Inside at last..

08:06 – Excitement mounts as several important looking briefcases are carried into the ticket office.
08:10 – Excitement soon dissipate into the usual monotonous waiting as anything much fails to happen.
08:52 – They finally start selling the tickets!
09:07 – Ticket in hand, we leave the Student Union (and just for the curious: No, we weren’t allowed to buy more than one ticket each – The ticket number is tied to our student id number).
09:13 – On the bus going home: I really am getting too old for this out all night stuff…

Accent heaven

I’ve been in Manchester for a week now, and I still haven’t had any lectures. They start this afternoon. Instead, I’ve met quite a few people. Most of them exchange students much in the same situation as me: Crummy accomodation, no network or obligations. But that can change quickly. Besides sharing a house with a german, a scot, an american, a welshman and two chinese, I’ve been hanging out with finns, germans, swedes, frenchmen, spaniards, italians, japanese, indians, austrians and the odd belgian. And on top of that there’s the mancunians who obviously are everywhere. Generally, there is such a wealth of strange english accents that it can make your head spin.

Trying to take part in a conversation between a german (they have trouble with the S’ses and generally try to avoid sounding like cartoon germans from an old WW2 flick), a chinese (they really do have trouble with L’s and R’s, my housemate Lei would say “Andleas”, so she has decided to call me Andy instead) and an italian (they tend to construct english sentences the italian way, and generally have a way of short-stopping their sentences to give their points more effect) can be quite a challenge.

And yet, it works. The internationals here are bursting with interest and a willingness to meet new people, it’s a joy to be part of. And funnily enough, it tends to be the mancunians themselves who are the least comprehensible. Maybe because they take their fluency for granted… yeah?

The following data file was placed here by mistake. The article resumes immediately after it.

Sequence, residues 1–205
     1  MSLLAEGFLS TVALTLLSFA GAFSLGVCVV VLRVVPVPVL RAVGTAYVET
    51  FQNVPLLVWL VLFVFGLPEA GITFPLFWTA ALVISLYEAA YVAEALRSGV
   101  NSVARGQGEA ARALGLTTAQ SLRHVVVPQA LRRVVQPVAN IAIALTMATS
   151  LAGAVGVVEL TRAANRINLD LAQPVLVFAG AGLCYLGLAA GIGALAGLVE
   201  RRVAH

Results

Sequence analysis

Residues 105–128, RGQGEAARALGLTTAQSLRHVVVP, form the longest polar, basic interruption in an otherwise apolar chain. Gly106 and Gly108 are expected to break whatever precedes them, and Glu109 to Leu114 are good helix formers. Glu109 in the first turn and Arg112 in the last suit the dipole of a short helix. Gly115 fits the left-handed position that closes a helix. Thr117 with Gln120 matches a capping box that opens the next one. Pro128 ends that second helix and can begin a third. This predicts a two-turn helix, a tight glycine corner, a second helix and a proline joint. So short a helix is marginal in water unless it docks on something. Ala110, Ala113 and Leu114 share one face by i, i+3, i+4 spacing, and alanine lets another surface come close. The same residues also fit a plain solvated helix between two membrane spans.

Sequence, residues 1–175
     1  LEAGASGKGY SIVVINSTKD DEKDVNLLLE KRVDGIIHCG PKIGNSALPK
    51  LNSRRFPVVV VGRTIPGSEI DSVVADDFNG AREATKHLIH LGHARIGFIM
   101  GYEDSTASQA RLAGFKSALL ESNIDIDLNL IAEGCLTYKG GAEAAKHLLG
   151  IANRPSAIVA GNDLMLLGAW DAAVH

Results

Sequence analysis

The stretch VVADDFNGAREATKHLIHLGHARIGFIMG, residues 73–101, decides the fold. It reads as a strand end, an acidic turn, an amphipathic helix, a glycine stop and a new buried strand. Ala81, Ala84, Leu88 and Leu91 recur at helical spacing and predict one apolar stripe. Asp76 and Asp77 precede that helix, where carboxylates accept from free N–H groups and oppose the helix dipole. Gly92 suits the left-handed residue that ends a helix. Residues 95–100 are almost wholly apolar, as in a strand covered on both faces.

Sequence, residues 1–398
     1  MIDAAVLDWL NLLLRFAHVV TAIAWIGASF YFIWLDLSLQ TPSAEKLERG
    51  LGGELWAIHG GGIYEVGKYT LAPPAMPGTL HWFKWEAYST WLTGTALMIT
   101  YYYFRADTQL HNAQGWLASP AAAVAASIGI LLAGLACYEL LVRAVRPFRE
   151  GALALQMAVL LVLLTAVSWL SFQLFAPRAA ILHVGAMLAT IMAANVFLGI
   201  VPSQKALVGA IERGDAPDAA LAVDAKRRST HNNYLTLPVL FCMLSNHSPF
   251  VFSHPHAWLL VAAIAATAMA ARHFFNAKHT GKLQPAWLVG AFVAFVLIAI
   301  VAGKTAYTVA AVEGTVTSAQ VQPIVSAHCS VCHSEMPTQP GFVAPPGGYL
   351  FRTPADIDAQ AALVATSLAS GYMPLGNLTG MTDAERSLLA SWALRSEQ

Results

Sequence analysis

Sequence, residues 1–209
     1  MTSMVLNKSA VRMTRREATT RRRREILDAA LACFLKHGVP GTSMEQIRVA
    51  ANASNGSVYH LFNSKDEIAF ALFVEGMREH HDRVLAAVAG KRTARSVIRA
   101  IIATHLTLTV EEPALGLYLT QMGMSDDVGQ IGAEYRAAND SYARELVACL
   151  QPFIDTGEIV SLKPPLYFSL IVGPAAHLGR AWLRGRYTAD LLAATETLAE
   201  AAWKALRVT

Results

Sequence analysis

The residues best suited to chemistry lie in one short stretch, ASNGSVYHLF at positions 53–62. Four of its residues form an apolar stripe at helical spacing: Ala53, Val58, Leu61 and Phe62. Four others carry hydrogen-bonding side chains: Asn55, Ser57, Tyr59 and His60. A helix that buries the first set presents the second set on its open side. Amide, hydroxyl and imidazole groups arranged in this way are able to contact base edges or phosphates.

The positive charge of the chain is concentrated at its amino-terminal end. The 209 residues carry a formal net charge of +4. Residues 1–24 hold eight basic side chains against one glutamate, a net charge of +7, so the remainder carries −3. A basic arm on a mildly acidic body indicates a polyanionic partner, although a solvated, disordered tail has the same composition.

Manchester: Overcast w/ slight drizzle

Having arrived safely in Manchester, I found my lodgings with little trouble. It’s in the Fallowfield area south of the university and the city centre. It’s a dirty old neighbourhood, a so-called “student ghetto”. The house I am to live in is also a dirty old place, but the people here are nice. Thomas, the german student whose room I’ll be living in from the first of february, has been really helpful and friendly, and even though I’ve only just met some of my other flatmates – Doug, Seth and Diane – they all seem like really easy-going people.

I spent most of yesterday registering for my courses. It was a bit tricky at first, since the University of Manchester recently merged with UMIST – the engineering and technology university of Manchester – and thus a lot of departments have been moving about and around, some being expanded, others ceasing to exist. A lot of people have been really confused by this. Especially since you have to register the courses both at the home department (in my case, Anthropology) and at the department of the course (which in my case were three different departments: Social Anthropology, Graduate School of Social Sciences and the Centre for the History of Science, Technology and Medicine. My quest to locate these departments weren’t helped by the fact that the university has two web pages, one old, and one new – and that some departments still update the old one, instead of the new one.

*sigh* – but in the end I heroically prevailed. I’ll go into more detail about the actual courses some other time.